DALY rates for group 1 conditions are highest in low-income countries in 2005. 
This observation reflects the heavy toll that HIV/AIDS is taking in sub-Saharan 
African countries. However, by 2015, the DALY rates for chronic disease (group 
2) are projected to be slightly higher than those for group 1 conditions in 
low-income countries, reflecting the decline of group 1 causes apart from HIV 
and tuberculosis, population ageing and a projected increase in tobacco use. In 
2005, coronary heart disease and cerebrovascular disease combined are the main 
cause of deaths in all income groups and DALYs in all except low-income groups. 
This dominance is set to increase in 2015.

Potential achievements of the global chronic disease goal Achieving the global 
chronic disease goal would result in an estimated 36 million fewer chronic 
disease deaths between 2005 and 2015 worldwide, of which 28 million would be 
averted in low-income and middle-income countries (figure 4). For people under 
the age of 70 years, achieving the global goal would result in 3 million fewer 
deaths in 2015 (figure 5). Averting these deaths would result in a gain of 115 
million years of life globally in 2015. 500 million life-years would be saved 
cumulatively between 2005 and 2015 for those deaths averted under age 70, and 
almost 90% of these saved life-years would be in low-income and middle-income 
countries. This supports the overall goal of chronic disease prevention and 
control, which is to delay mortality from these diseases to older age groups 
and to promote healthy ageing of global populations.

Figure 4. Cumulative number of deaths averted by an additional 2% annual 
reduction in death rates from chronic disease from 2006 to 2015, by combined 
World Bank income groups

Figure 5. Chronic disease deaths (millions) projected from 2005 to 2015 with 
the global goal scenario for people younger than 70 years of age


We present the mortality and burden of disease projections for chronic diseases 
using the WHO 2002 mortality estimates as a baseline. For regions with limited 
death registration data, such as the eastern Mediterranean region, sub-Saharan 
Africa, parts of Asia, and the Pacific, there is considerable uncertainty in 
estimates of deaths by cause. For some countries, only limited information on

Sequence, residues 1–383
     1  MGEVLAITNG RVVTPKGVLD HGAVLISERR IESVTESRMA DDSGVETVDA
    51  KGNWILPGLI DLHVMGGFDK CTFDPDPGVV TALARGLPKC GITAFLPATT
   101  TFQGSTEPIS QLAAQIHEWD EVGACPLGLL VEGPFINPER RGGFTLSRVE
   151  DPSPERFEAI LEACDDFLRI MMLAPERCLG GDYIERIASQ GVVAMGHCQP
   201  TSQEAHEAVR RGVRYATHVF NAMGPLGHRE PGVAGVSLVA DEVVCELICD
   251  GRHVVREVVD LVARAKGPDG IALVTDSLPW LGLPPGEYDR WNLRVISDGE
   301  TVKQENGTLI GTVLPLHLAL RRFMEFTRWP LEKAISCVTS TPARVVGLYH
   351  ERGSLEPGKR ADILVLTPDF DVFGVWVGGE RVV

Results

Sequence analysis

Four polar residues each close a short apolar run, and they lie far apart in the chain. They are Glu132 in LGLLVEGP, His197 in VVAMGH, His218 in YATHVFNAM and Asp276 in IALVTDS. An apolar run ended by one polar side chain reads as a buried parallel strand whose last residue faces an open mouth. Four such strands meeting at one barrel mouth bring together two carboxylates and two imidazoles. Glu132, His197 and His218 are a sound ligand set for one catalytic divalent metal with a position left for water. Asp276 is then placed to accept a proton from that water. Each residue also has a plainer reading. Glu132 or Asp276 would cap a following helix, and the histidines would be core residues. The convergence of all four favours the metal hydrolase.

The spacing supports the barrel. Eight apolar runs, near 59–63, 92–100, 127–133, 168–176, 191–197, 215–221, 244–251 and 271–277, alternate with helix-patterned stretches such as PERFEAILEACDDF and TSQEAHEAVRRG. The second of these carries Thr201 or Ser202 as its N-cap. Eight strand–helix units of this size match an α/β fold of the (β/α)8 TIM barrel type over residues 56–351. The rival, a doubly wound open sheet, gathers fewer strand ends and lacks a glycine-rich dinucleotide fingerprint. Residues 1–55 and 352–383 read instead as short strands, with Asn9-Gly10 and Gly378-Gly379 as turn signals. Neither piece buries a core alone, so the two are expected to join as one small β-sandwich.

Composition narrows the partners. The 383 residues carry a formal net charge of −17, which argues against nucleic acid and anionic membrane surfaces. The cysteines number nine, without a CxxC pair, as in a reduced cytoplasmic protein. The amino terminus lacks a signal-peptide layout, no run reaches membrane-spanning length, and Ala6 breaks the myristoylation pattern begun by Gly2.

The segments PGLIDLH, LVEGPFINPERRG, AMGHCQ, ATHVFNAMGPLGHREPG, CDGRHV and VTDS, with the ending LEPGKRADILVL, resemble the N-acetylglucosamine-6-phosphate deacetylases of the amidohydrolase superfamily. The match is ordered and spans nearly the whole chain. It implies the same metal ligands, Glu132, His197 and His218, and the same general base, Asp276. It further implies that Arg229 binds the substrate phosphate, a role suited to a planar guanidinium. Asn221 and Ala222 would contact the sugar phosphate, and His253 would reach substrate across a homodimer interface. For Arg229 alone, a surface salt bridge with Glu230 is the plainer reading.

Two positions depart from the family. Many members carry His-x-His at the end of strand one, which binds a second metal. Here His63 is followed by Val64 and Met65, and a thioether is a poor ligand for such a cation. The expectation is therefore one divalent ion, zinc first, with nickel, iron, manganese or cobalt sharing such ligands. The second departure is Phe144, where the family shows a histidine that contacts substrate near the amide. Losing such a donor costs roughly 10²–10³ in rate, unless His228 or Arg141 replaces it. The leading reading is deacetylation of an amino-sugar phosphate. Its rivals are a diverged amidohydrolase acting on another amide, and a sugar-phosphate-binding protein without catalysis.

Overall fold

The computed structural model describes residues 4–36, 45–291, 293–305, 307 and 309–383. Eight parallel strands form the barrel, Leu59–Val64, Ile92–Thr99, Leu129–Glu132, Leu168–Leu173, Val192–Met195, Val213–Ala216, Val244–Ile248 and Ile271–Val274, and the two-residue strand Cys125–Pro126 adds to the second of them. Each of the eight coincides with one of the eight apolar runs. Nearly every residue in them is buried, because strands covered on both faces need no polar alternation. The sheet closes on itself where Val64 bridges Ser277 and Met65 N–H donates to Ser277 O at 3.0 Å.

mortality is available from sources such as the Demographic and Health Surveys 
and from cause-specific mortality estimates for causes such as HIV/AIDS, 
malaria, tuberculosis and vaccine-preventable diseases. The Global Burden of 
Disease approach included results for these regions based on the best possible 
assessment of the available evidence.13

The mortality and burden of disease projections are less firm than the base 
year assessments, and provide "business as usual" projections under specified 
assumptions. Furthermore, "business as usual" projections do not take account 
of trends in major risk factors apart from tobacco smoking and, to a limited 
extent, overweight and obesity in relation to diabetes mortality. If risk 
factor prevalence increases, rather than falls, in low-income and middle-income 
countries, then our projections of deaths and DALYs in those countries will be 

Currently, the serious consequences of chronic diseases and their risk factors 
are not recognised by the international health community, at least in terms of 
financial commitments by health and development agencies. Chronic diseases are 
often characterised as problems of affluent, ageing communities who have 
acquired them through indulging in the risk factors for disease (tobacco use, 
unhealthy diets, and physical inactivity). This view is inaccurate: chronic 
disease is a larger problem in low-income countries, especially among those who 
do not have the resources to pursue healthy choices easily. Furthermore, recent 
evidence, supported by data presented here, suggests that deaths from heart 
disease and lung cancer occur at earlier ages in low-income and middle-income 
countries where effective treatments are not widely available and prevention 
has not been made a priority.8,14

Myths about chronic disease have serious consequences for the health and 
welfare of people in low-income and middle-income countries. The costs of 
chronic diseases in these countries are high and often borne by patients as 
out-of-pocket payments, contributing directly to family poverty.15,16 The cost 
of illness to national governments is also high.11